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ERIC Number: ED010475
Record Type: RIE
Publication Date: 1962-Jul
Pages: 84
Abstractor: N/A
Reference Count: 0
ISBN: N/A
ISSN: N/A
THE UTILITY OF TRANSLATION AND WRITTEN SYMBOLS DURING THE FIRST 30 HOURS OF LANGUAGE STUDY.
SAWYER, JESSE; AND OTHERS
AURAL-ORAL METHODS IN THE EARLY STAGES OF LEARNING A SECOND LANGUAGE WERE COMPARED AND CONTRASTED. JAPANESE LANGUAGE LESSONS WERE PRESENTED ENTIRELY BY TAPE, WITHOUT THE CORRECTION OF A MONITOR, TO TWO GROUPS OF COLLEGE STUDENTS. ONE GROUP USED A TEXT OF TRANSLATIONS THE OTHER DID NOT. EACH OF THESE GROUPS WAS FURTHER DIVIDED INTO THREE SECTIONS AND EACH SECTION RECEIVED A DIFFERENTLY ORDERED PRESENTATION OF THE SAME MATERIAL. WHEN THE RESULTS OF THE TWO GROUPS WERE COMPARED, NONE OF THE VARIATIONS APPEARED TO HAVE A DIRECT EFFECT ON LEARNING OR RECALL OF PRONUNCIATION, SYNTAX, OR COMPREHENSION. THE INVESTIGATORS SUGGESTED, HOWEVER, THAT STUDENTS MAY BENEFIT IN PRONUNCIATION, SYNTAX, AND COMPREHENSION FROM TRAINING WITH A TRANSLATION TEXT, ESPECIALLY IF THEY ARE TRAINED IN A LANGUAGE LABORATORY. THE INVESTIGATORS ALSO INDICATED THAT THE ADVANTAGE DERIVED FROM THE USE OF THE TEXT MIGHT BE LOST IF THE SYSTEM PHONEMIC OF NOTATION IS COMPLEX OR FAILS TO CONSISTENTLY DESIGNATE IMPORTANT ASPECTS OF THE PRONUNCIATION PATTERN. (PM)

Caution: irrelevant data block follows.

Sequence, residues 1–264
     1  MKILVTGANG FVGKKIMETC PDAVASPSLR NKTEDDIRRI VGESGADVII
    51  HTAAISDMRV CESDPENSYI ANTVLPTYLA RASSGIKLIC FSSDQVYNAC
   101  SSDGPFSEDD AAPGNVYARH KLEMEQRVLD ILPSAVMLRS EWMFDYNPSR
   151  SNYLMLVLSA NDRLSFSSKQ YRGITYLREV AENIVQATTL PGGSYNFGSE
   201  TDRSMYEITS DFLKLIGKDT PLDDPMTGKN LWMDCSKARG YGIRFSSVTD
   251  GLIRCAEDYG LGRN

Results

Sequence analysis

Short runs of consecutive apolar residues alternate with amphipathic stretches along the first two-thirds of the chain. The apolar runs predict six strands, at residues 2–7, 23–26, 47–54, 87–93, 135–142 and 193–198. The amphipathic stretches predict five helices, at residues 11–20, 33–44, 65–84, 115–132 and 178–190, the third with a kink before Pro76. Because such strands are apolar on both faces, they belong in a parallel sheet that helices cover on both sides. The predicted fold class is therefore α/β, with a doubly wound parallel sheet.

Publication Type: N/A
Education Level: N/A
Audience: N/A
Language: N/A
Sponsor: N/A
Authoring Institution: California Univ., Berkeley.
Identifiers: CALIFORNIA; California (Berkeley)